How to Choose Your Side Hustle
When you searched for your current job, you probably had a plan. You figured out the types of work you were interested in and qualified for based on your training and education. You had wage or salary goals and some idea about how this job could lead to your next one or shape your career path. Then you searched for openings, networked with your friends and colleagues, and interviewed until someone hired you. The same principles apply to your side hustle. In this chapter, you’ll learn what goes into choosing a good one. Learn to identify your saleable skills; you’ll find you have more of them than you may think. Read about how to fit your side hustle to your circumstances so you can reach your earnings targets as well as any goals beyond making money to supplement your income. Get information to help you create a strategy for finding your side hustle. You’ll also hear from a graduate student, a former air force officer transitioning to a new career, a retired systems engineer, and a yoga instructor, who offer their insights about choosing and finding a side hustle.
TURNING WORK INTO A HUSTLE
Nearly any work that people do can be turned into a side hustle, whether low-skilled tasks such as running errands and cleaning houses or high-skilled trade and professional services like electrical work, nursing, and accounting. Your artistic ability, cooking prowess, or fluency in a foreign language can be turned into an income stream, as can your spare room and bargains you pick up at yard sales.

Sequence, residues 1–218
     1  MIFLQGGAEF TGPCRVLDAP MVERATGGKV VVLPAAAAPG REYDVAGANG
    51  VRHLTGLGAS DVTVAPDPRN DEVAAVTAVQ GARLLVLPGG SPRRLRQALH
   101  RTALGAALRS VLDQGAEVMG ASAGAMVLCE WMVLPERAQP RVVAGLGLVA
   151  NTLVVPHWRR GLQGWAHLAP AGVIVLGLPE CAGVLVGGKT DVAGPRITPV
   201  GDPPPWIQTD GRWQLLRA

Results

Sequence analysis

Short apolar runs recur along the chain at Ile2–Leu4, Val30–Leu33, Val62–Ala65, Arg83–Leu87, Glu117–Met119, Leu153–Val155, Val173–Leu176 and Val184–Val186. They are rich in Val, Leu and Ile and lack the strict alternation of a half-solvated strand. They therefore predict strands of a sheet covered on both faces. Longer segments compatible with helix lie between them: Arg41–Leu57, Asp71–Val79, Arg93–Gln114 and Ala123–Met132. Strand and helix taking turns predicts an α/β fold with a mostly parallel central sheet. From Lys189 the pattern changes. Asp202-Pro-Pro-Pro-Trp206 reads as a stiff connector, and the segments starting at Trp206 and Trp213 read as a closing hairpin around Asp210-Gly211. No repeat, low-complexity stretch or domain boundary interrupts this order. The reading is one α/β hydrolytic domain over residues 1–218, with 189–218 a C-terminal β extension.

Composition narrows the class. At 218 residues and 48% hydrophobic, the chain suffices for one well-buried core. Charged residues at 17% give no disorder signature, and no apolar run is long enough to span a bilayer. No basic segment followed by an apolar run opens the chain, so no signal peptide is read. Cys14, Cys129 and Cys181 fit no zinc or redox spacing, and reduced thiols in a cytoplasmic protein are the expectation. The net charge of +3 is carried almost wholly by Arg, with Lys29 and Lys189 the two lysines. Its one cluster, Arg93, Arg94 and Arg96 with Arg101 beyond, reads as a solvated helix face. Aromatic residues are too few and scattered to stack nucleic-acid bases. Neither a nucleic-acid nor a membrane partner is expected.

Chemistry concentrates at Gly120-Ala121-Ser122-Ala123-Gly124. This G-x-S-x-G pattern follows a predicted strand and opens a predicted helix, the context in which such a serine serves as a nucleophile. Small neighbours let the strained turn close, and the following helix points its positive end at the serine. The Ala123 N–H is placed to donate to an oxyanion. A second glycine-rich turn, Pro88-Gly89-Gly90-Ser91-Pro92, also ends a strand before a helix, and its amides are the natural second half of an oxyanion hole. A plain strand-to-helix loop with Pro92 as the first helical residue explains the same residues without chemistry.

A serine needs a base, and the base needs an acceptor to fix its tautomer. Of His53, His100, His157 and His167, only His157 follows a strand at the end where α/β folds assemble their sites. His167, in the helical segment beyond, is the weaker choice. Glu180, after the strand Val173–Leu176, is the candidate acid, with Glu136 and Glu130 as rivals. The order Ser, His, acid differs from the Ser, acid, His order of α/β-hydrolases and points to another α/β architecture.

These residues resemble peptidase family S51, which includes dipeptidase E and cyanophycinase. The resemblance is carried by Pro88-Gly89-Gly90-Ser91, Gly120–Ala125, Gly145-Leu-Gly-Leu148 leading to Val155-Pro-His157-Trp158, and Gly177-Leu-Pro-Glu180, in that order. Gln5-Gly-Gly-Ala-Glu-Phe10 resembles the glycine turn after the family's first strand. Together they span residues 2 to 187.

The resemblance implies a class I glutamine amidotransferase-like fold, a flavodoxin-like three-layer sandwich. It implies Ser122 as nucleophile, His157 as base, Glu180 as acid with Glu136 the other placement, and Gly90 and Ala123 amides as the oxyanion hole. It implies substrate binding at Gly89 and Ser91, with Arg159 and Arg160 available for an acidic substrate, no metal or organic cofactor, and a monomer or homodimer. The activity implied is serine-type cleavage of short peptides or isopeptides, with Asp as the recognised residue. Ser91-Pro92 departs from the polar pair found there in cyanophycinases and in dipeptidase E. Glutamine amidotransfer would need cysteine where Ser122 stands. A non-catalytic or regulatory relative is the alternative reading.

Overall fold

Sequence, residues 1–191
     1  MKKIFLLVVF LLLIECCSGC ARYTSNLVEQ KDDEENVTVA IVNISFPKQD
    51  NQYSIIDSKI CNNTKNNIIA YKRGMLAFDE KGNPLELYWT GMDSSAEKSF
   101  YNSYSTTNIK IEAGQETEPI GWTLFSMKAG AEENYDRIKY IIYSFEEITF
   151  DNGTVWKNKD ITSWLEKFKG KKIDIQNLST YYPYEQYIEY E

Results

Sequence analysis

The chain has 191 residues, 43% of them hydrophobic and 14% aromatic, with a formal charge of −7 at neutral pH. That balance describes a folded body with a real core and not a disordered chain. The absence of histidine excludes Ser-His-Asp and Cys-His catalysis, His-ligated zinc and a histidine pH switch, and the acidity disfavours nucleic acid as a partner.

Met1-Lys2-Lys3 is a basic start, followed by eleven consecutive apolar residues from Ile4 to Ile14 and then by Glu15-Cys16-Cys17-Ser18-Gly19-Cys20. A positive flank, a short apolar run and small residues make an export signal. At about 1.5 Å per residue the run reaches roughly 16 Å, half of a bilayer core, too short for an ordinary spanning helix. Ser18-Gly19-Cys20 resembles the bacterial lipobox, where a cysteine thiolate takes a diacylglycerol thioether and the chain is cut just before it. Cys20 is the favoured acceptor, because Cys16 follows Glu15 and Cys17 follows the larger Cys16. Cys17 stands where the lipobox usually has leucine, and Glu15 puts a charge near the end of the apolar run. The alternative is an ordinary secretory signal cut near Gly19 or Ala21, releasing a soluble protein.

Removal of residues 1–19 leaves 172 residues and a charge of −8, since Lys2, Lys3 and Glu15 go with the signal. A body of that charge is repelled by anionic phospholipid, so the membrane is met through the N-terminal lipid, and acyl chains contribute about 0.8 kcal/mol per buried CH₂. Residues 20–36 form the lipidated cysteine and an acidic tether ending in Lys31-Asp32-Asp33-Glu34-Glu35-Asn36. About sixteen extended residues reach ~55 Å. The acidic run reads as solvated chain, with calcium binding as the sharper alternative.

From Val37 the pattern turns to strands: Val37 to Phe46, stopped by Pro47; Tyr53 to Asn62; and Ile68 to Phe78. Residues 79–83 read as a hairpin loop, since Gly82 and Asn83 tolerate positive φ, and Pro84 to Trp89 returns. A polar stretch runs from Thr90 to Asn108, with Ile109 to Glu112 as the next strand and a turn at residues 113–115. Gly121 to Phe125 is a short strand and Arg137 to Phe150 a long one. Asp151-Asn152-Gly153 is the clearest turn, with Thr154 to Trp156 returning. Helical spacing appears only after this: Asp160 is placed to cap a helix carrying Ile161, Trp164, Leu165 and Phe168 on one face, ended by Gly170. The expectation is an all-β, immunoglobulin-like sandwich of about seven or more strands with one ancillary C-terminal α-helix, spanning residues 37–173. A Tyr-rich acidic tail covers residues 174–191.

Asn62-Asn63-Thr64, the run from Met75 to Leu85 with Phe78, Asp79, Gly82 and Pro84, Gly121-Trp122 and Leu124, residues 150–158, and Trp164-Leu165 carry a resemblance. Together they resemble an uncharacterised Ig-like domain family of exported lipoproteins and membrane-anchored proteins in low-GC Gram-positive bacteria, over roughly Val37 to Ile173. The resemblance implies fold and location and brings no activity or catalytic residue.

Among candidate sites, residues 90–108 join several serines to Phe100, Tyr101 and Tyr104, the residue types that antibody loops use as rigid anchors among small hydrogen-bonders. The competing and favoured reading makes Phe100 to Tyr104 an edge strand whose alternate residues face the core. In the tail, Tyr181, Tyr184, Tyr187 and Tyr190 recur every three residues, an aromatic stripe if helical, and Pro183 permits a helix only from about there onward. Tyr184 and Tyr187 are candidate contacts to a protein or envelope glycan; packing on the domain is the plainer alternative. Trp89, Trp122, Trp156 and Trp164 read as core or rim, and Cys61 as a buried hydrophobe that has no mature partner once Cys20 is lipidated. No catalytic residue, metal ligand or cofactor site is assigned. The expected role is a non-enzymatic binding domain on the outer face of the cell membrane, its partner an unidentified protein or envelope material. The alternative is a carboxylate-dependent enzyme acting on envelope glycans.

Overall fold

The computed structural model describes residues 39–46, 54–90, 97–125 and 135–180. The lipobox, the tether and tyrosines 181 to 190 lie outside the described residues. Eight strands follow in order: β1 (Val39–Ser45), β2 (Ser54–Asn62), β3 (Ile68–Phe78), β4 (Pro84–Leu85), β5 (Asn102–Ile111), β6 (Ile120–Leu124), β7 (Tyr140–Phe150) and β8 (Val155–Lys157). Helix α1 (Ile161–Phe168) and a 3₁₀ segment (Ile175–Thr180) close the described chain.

People who work in industries where freelance work is typical earn their living by matching their knowledge and skills to a variety of projects and clients. A guitarist might perform with a band, teach music lessons, write songs, and produce recordings. In a future where
jobs may become less secure due to automation or decisions by companies to hire fewer permanent employees, work as a series of gigs rather than a job people go to every day for years could become more common. Millennials, whose expectations about work were shaped by the Great Recession, have taken this idea to heart. They are more likely to freelance at least part time—one way to describe a side hustle—than workers from previous generations.
Many university students, in fact, anticipate a career full of side hustles. “Even if I do get a ‘real job’ I may have a side hustle of a blog, or teach on the side, so I have freedom to do what I want with my time and not choose one kind of career path,” says Jeanelle Horcasitas, a graduate student. The side hustle isn’t only about getting some quick money by walking dogs or cleaning houses. Students are applying their classroom and laboratory training to gigs with potential to become independent businesses.
That’s a good model for any side hustler. Entrepreneurs—whether their business is a tech startup or a garden design service—succeed by identifying a product or a skill they have to offer that fills a need. Doing work you are good at will help you to maximize your earnings. As you gain experience and increase your expertise, you’ll be able to get more work—and potentially higher-skilled work, enabling you to earn higher rates. You’ll also be building your resume. With experience, your side hustle could provide you with more options for work should your career interests or employment status change.